TitleTowards a Selectively Bioactive Surface for the Removal of Circulating Endotoxin in Blood
Publication TypeThesis
Year of Publication2017
AuthorsRaman, R
UniversityOregon State University
CityCorvallis, Or.
Thesis TypeDissertation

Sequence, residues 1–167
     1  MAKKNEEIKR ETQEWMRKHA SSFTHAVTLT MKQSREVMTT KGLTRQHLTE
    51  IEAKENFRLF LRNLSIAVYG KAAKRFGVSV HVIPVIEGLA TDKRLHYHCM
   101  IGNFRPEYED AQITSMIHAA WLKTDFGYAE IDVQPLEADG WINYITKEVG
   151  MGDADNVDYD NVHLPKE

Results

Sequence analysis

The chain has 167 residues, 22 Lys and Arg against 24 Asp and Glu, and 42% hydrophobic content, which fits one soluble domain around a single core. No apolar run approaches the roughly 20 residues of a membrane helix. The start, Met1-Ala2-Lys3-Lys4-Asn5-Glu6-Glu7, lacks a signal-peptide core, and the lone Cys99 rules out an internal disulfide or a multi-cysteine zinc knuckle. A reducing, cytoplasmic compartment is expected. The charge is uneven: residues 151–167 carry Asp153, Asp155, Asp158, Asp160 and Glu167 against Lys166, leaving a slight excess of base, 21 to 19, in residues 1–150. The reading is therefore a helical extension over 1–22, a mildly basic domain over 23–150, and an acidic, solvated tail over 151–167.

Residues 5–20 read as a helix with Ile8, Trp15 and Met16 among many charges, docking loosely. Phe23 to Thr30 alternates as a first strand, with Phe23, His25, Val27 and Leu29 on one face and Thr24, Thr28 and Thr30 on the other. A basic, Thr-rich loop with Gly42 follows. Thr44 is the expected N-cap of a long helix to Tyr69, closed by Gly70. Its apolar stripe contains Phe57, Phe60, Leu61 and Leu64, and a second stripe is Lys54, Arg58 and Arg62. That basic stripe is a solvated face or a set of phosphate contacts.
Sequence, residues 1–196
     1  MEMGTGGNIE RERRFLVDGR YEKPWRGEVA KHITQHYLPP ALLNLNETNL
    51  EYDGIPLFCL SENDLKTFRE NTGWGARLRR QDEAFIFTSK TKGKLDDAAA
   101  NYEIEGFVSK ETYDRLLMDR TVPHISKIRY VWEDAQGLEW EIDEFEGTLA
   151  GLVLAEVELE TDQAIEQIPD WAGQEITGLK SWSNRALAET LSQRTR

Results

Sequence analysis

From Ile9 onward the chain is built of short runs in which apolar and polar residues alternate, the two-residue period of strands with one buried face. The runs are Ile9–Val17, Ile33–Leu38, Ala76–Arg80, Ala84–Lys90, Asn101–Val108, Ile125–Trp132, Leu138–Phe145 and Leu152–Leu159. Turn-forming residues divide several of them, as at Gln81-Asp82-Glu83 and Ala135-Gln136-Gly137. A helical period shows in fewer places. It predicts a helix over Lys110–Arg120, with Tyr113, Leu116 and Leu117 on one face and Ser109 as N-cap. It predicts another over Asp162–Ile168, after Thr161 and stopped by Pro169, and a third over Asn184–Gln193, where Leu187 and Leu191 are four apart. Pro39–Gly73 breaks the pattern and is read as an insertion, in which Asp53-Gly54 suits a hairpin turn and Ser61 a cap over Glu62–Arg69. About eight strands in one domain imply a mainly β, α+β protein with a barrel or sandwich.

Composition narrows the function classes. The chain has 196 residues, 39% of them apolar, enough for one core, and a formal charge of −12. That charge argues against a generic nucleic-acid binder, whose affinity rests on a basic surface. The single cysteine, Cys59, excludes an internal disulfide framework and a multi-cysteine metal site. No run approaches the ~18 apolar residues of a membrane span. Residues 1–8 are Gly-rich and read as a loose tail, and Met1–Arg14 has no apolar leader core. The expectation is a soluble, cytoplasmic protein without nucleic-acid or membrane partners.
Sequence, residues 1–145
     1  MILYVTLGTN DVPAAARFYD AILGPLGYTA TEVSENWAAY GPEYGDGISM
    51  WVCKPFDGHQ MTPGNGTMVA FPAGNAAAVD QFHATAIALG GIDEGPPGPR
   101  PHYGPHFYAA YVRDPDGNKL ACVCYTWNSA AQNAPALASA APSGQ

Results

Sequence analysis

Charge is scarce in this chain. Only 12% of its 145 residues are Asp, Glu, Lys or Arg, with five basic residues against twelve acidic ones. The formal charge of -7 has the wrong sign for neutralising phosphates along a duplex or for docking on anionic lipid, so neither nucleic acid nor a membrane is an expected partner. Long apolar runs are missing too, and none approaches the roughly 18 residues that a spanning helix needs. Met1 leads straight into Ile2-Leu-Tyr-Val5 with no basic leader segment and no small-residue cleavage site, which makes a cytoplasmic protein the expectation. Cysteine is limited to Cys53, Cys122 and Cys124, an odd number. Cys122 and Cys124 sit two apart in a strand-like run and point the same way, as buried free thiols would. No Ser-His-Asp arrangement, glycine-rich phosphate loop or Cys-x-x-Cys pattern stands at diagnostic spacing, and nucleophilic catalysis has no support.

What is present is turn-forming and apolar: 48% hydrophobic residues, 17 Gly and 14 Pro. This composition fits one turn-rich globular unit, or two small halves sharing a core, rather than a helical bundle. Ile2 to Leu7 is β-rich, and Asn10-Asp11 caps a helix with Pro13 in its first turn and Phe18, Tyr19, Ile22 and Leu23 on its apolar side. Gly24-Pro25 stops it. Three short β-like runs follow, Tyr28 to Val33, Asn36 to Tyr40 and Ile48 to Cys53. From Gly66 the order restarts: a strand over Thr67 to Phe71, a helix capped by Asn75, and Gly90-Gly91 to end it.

Sepsis is an inflammatory reaction occurring throughout the human body to infections caused by bacteria, fungi, and or other forms of pathogens. It is essential to find an alternative treatment method for sepsis, to lessen the dependence on antibiotics. Hemoperfusion is an absorbent device that removes select targets from blood, when passed through it. Recent studies are evaluating methods for treatment of antibiotic resistant bacteria using antimicrobial peptides and bacteriophage (viruses against bacteria) proteins, as an alternate to antibiotic treatment. A promising method is to combine a hemoperfusion device coated with PEO modified antimicrobial peptides and or bacteriophage proteins to remove endotoxins, released by bacteria but prevent plasma protein platelet adsorption through the PEO brush layer effect. For this purpose, antimicrobial peptide WLBU2 and bacteriophage derived protein Abc2 were studied. This study demonstrates the ability of WLBU2 to retain endotoxin and bacteria binding abilities when PEO is tethered to a surface. Circular Dichroism demonstrated that the secondary helical structure was retained in the presence of LPS when the peptide was PEGylated indicating that the flexibility of the peptide is not inhibited when PEGylated. PEGylated gold surfaces with terminal WLBU2 demonstrated bacteria and endotoxin capture through Scanning Electron Microscopy (SEM) and Quartz Crystal Microbalance with Dissipation (QCMD). Abc2 protein was modified using Genetic Code Expansion (GCE) to incorporate unnatural amino acid Azide-Phe, which uses click chemistry to bind to specific functional groups. This prevents non-specific binding of the protein on the surface, compared to standard bioconjugation methodologies that enable multiple conformations of the protein to the surface. Click chemistry retains the structure and function of the protein. Surface analysis methods using X-ray Photoelectron Spectroscopy (XPS) and QCMD demonstrated the ability of the protein to be immobilized using click chemistry to F127 with end group terminal Alkyne. LPS binding capabilities of the Abc2 modified surface was demonstrated using FITC-LPS solution depletion assay and QCMD. Polybutadiene-Polyethylene Oxide (PBD-PEO) co-polymers were studied for hemocompatibility on a C18 silane surface. The PBD groups can covalently bind using irradiation to biomedical plastics, unlike current Pluronics, which require expensive and toxic surface coatings. Three varied sizes of copolymers were studied and compared to F127. AFM and QCMD was used to monitor the immobilization dynamics of PEO-PBD diblocks compared to Pluronic F127. Generally, the diblocks had a much lower surface coverage, but P5431 exhibited similar topology and coverage as F127. Hemocompatability was studied by fibrinogen repulsion experiments using QCMD and FITC-fibrinogen solution depletion assays. Patelet activation was studied by SEM. P5843 was more efficient at fibrinogen repulsion but was not as efficient at platelet repulsion as P5431, due to the PEO length difference. These results provide further analysis of the endotoxin binding ability of tethered WLBU2, as well as offers a method to effectively tether Abc2 protein to a Pluronic surface for LPS binding. Finally, this work exhibits the hemocompatablility of covalently bound PEO-PBD for a hemoperfusion device. Overall, these results provide a methodology towards a commercial bioactive surface for the treatment of sepsis.